Running the command returns a link. Copy and paste the link to a web browser to download VpnClientConfiguration.zip. Unzip the file to view the following folders:
- WindowsAmd64 and WindowsX86: These folders contain the Windows 64-bit and 32-bit installer packages, respectively.
- GenericDevice: This folder contains general information that's used to create your own VPN client configuration.
If you already created client configuration files, you can retrieve them by using the
Get-AzVpnClientConfiguration cmdlet. But if you make any changes to your P2S VPN configuration, such as the VPN protocol type or authentication type, the configuration isn’t updated automatically. You must run the
New-AzVpnClientConfiguration cmdlet to create a new configuration download.
To retrieve previously generated client configuration files, use the following command:
Get-AzVpnClientConfiguration -ResourceGroupName "TestRG" -Name "VNet1GW" | fl
Windows native VPN client
You can use the native VPN client if you configured IKEv2 or SSTP.
Select a configuration package and install it on the client device. For a 64-bit processor architecture, choose the VpnClientSetupAmd64 installer package. For a 32-bit processor architecture, choose the VpnClientSetupX86 installer package. If you see a SmartScreen pop-up, select More info > Run anyway. You can also save the package to install on other client computers.
Each client requires a client certificate for authentication. Install the client certificate. For information about client certificates, see Client certificates for point-to-site. To install a certificate that was generated, see Install a certificate on Windows clients.
On the client computer, browse to Network Settings and select VPN. The VPN connection shows the name of the virtual network that it connects to.
Mac (macOS) native VPN client
You must create a separate profile for every Mac device that connects to the Azure virtual network. This is because these devices require the user certificate for authentication to be specified in the profile. Additionally, you can only use the macOS native VPN client if you included the IKEv2 tunnel type in your configuration. The Generic folder has all the information that's required to create a profile:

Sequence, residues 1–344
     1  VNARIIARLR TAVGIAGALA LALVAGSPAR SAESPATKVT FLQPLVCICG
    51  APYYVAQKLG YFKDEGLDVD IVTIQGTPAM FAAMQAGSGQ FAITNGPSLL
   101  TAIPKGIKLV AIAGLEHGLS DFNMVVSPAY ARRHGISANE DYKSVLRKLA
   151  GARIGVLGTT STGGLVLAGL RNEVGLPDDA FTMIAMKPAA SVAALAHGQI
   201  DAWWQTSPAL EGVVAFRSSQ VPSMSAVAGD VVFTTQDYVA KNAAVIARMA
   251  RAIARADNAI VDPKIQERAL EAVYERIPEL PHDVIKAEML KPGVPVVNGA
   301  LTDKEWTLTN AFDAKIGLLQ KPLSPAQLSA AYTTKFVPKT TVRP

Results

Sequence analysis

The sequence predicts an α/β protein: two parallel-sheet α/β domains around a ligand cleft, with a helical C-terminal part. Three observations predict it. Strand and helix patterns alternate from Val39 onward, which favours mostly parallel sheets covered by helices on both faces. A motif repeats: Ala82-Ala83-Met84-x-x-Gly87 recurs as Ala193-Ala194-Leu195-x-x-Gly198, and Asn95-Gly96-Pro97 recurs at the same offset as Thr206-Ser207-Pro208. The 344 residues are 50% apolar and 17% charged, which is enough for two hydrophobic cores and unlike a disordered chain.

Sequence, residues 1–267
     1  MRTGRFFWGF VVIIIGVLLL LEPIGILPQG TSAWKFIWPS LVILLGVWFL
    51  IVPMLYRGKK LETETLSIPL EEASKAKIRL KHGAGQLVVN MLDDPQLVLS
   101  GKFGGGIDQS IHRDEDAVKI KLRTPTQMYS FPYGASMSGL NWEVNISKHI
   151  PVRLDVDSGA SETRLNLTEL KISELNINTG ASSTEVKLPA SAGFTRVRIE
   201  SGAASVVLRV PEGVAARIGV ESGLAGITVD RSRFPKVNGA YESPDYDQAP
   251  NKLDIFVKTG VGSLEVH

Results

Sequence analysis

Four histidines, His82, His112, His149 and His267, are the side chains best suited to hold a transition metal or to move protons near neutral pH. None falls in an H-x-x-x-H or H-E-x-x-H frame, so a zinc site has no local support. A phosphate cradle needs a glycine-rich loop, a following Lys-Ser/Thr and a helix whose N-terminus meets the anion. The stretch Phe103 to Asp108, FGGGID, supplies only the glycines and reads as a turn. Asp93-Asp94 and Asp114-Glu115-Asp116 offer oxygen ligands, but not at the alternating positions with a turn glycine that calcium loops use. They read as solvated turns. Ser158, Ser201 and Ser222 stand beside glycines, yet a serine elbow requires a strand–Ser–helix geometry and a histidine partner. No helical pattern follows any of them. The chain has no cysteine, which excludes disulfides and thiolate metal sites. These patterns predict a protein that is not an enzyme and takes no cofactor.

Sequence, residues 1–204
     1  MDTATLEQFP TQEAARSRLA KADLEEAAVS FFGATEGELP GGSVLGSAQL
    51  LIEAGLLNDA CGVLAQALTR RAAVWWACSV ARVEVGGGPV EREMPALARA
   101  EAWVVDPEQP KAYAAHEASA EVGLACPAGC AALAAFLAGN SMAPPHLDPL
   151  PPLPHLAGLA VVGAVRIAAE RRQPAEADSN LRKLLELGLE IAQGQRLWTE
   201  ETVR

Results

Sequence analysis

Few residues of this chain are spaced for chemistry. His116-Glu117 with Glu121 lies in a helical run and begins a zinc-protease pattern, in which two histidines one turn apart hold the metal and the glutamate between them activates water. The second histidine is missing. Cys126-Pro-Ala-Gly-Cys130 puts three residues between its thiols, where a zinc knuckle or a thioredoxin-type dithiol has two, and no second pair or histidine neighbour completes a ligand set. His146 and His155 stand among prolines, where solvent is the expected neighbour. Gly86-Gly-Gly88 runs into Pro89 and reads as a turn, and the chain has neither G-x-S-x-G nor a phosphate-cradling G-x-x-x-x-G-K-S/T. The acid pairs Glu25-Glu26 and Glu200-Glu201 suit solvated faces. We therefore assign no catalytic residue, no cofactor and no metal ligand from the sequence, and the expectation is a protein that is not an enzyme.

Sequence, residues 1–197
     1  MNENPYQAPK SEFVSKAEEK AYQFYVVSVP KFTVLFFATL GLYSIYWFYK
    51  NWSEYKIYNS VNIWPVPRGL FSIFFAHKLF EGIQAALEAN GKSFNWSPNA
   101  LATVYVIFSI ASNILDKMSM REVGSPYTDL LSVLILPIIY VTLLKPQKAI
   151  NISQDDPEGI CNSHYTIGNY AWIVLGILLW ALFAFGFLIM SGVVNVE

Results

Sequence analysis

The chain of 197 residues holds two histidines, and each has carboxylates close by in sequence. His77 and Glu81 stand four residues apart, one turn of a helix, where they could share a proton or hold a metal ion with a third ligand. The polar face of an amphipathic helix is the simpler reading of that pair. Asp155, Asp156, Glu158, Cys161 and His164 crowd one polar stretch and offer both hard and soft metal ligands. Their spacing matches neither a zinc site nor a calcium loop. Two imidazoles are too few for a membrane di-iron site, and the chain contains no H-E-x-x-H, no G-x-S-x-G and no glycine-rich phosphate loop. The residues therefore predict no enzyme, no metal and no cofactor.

- VpnSettings.xml contains important settings such as server address and tunnel type.
- VpnServerRoot.cer contains the root certificate that's required to validate the VPN gateway during P2S connection setup.
- RadiusServerRoot.cer contains the root certificate that's required to validate the RADIUS server during authentication.
Use the following steps to configure the native VPN client on a Mac for certificate authentication:
Import the VpnServerRoot and RadiusServerRoot root certificates to your Mac. Copy each file to your Mac, double-click it, and then select Add.
Each client requires a client certificate for authentication. Install the client certificate on the client device.
Open the Network dialog box under Network Preferences. Select + to create a new VPN client connection profile for a P2S connection to the Azure virtual network.
The Interface value is VPN, and the VPN Type value is IKEv2. Specify a name for the profile in the Service Name box, and then select Create to create the VPN client connection profile.
In the Generic folder, from the VpnSettings.xml file, copy the VpnServer tag value. Paste this value in the Server Address and Remote ID boxes of the profile. Leave the Local ID box blank.
Select Authentication Settings, and select Certificate.
Click Select to choose the certificate that you want to use for authentication.
Choose An Identity displays a list of certificates for you to choose from. Select the proper certificate, and then select Continue.
In the Local ID box, specify the name of the certificate (from Step 6). In this example, it's ikev2Client.com. Then, select the Apply button to save the changes.
In the Network dialog box, select Apply to save all changes. Then, select Connect to start the P2S connection to the Azure virtual network.
Return to the article to complete your P2S configuration.
For P2S troubleshooting information, see Troubleshooting Azure point-to-site connections.